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Should artists be paid for training data? OpenAI VP wouldn’t say

Written by teobrito.com

Should artists whose work was used to train generative AI like ChatGPT be compensated for their contributions? Peter Deng, VP of consumer product at OpenAI — the maker of ChatGPT — was loath to give an answer when asked on SXSW’s main stage this afternoon.

“That’s a great question,” he said when SignalFire venture partner (and former TechCrunch writer) Josh Constine, who interviewed Deng in a wide-ranging fireside, asked the question. Some in the crowd of onlookers shouted “yes” in response, which Deng acknowledged. “I’m hearing from the audience that they do. I’m hearing from the audience they do.”

That Deng dodged the question isn’t surprising. OpenAI is in a delicate legal position where it concerns the ways in which it uses data to train generative AI systems like the art-creating tool DALL-E 3, which is incorporated into ChatGPT.

Systems like DALL-E 3 are trained on an enormous number of examples — artwork, illustrations, photos and so on — usually sourced from public sites and data sets around the web. OpenAI and other generative AI vendors argue that fair use, the legal doctrine that allows for the use of copyrighted works to make a secondary creation as long as it’s transformative, shields their practice of scraping public data and using it for training without compensating or even crediting artists.

OpenAI, in fact, recently argued that it would be impossible to create useful AI models absent copyrighted material. “Training AI models using publicly available internet materials is fair use, as supported by long-standing and widely accepted precedents,” writes the company in a January blog post. “We view this principle as fair to creators, necessary for innovators, and critical for U.S. competitiveness.”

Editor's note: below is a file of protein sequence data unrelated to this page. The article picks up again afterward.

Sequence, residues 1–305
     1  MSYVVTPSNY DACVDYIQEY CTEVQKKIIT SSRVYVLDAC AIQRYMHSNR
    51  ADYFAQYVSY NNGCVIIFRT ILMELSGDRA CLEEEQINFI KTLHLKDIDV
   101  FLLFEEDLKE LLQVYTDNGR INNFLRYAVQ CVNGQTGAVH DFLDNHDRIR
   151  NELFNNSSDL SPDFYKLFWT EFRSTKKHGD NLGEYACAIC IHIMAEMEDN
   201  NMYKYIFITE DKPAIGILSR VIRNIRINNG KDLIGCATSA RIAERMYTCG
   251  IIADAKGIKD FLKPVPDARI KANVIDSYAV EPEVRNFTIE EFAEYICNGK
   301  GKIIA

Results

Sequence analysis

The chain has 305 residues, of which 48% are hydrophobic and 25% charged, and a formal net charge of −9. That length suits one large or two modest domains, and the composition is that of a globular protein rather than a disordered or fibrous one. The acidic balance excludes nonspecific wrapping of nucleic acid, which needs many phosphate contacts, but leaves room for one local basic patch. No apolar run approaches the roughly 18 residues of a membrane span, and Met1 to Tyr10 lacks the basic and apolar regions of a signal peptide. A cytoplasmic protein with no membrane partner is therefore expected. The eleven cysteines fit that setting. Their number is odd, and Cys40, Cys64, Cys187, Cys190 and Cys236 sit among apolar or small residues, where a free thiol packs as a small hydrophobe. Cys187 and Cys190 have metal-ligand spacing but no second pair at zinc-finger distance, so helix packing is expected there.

Creators, unsurprisingly, disagree.

A class action lawsuit brought by artists including Grzegorz Rutkowski, known for his work on Dungeons & Dragons and Magic: The Gathering, against OpenAI several of its rivals, Midjourney and DeviantArt, is making its way through the courts. The defendants argue that tools like DALL-E 3 and Midjourney replicate artists’ styles without the artists’ explicit permission, allowing users to generate new works resembling the artists’ originals for which the artists receive no payment.

OpenAI has licensing agreements in place with some content providers, like Shutterstock, and allows webmasters to block its web crawler from scraping their site for training data. In addition, like some of its rivals, OpenAI lets artists “opt out” of and remove their work from the data sets that the company uses to train its image-generating models. (Some artists have described the opt-out tool, which requires submitting an individual copy of each image to be removed along with a description, as onerous, however.)

Deng said that he believes artists should have more agency in the creation and use of generative AI tools like DALL-E, but isn’t sure, exactly, what form that might take.

“[A]rtists need to be a part of [the] ecosystem as much as possible,” Deng said. “I believe that if we can find a way to make the flywheel of creating art faster, we’ll really help the industry out a bit more … In a sense, every artist has been inspired by artists who’ve come before them, and I wonder how much of that will be accelerated by this.”

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